LANSING, Mich. (AP) — Gov. Gretchen Whitmer will ask the Michigan Legislature to provide at least $94.4 million to Detroit’s public schools to settle a lawsuit that describes the city’s schools as “slum-like” and basically incapable of delivering access to literacy.
The settlement agreement was signed Thursday and comes weeks after a federal appeals court issued a groundbreaking decision recognizing a constitutional right to education and literacy.
Under the settlement, Whitmer must propose legislation to fund literacy-related programs and other initiatives for the Detroit Public Schools Community District. The state must also provide $280,000 to be shared by seven students named as plaintiffs in the lawsuit, to be used for a high-quality literacy program or other ways to further their education.
Whitmer will ask the Michigan Department of Education to advise school districts statewide on their strategies, initiatives and programs to improve literacy. Special attention must be paid to reducing class, racial, and ethnic disparities.
“Students in Detroit faced obstacles to their education that inhibited their ability to read — obstacles they never should have faced,” Whitmer said in a statement. “In the future, I will remain committed to ensuring paths to literacy for children across Michigan.”
“Today’s settlement is a good start, but there’s more work to do to create paths to opportunity for our children,” she added.
The lawsuit was filed in 2016.
The complaint says that “literacy is fundamental to participation in public and private life and is the core component in the American tradition of education.”
“But by its actions and inactions, the State of Michigan’s systemic, persistent, and deliberate failure to deliver instruction and tools essential for access to literacy in Plaintiffs’ schools, which serve almost exclusively low-income children of color, deprives students of even a fighting chance,” the lawsuit said. “Michigan’s compulsory attendance laws require Plaintiffs to attend these schools, but they are schools in name only, characterized by slum-like conditions and lacking the most basic educational opportunities that children elsewhere in Michigan and throughout the nation take for granted.”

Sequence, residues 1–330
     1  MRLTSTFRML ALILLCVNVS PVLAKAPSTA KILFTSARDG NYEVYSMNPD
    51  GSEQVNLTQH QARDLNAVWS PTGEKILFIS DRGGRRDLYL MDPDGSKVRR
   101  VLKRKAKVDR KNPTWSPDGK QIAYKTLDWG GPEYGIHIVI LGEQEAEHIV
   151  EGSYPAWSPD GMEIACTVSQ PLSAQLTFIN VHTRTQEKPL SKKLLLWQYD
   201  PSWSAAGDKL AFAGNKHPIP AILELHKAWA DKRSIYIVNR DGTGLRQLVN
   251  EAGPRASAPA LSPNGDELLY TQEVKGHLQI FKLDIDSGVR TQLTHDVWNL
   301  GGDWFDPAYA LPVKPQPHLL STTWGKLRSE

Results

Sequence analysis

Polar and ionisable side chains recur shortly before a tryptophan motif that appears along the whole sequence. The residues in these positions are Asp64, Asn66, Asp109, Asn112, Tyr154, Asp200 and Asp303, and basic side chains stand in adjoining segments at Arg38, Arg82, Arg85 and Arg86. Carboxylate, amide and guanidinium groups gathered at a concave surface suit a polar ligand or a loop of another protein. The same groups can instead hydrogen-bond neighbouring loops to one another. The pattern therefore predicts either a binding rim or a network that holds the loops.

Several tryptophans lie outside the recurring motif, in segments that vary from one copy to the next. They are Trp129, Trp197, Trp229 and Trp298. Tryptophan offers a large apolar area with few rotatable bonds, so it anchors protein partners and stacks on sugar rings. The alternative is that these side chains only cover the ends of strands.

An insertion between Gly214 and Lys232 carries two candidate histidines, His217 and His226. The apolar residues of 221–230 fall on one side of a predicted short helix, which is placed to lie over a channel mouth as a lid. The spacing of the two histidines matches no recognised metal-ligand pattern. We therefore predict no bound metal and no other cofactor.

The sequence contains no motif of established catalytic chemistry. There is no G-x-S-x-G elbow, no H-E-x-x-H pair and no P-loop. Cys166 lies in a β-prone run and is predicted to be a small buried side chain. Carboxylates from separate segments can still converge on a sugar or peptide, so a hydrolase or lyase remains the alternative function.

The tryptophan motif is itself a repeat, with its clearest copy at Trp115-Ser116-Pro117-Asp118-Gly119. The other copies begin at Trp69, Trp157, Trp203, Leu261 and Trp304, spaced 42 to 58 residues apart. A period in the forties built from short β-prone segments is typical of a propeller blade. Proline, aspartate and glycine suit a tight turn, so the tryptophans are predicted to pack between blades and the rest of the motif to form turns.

U.S. District Judge Stephen Murphy III dismissed the case in 2018, asserting the U.S. Constitution doesn’t guarantee a fundamental right to literacy.
But on April 23, the appeals court said students at poor performing, dilapidated Detroit schools are entitled to a basic minimum education under the U.S. Constitution. The decision could lead to millions of dollars in new spending.
The Republican-led Legislature recently asked the full 6th U.S. Circuit Court of Appeals to set aside the 2-1 ruling. It said managing K-12 education is a job for state and local officials, not the federal judiciary.
Whitmer, a Democrat, replaced Republican Gov. Rick Snyder as a defendant after being elected in 2018.
“The settlement opens up opportunities for students in Detroit,” said Jamarria Hall, a one of the plaintiffs. Hall graduated in 2017 from Osborn High School.
“Starting this journey four years ago, parents and students knew we wanted a better education, and now to really be heard for the first time means everything,” Hall said in a statement.
State Board of Education member Tiffany Tilley called the settlement “historical” and said she expects the board to receive updates and details from the state attorney general’s office.
“This is going to affect education in every ZIP code across America,” said Tilley, a graduate of Detroit’s Henry Ford High School. “Now, we need to make sure to find the funding to the change the structure of how we fund schools here in Michigan.”
Tilley said she’s concerned that education funding could be cut because the economy is suffering due to the coronavirus pandemic.
Molly Sweeney, organizing director of the Detroit-based education organizing network 482Forward, said the next state budget should not include cuts to education and basic needs.
“I hope there are adequate resources for Detroit schools and reparations for Detroit students,” Sweeney said. “This is one first step to push our governor to find new revenue for our state in this moment.”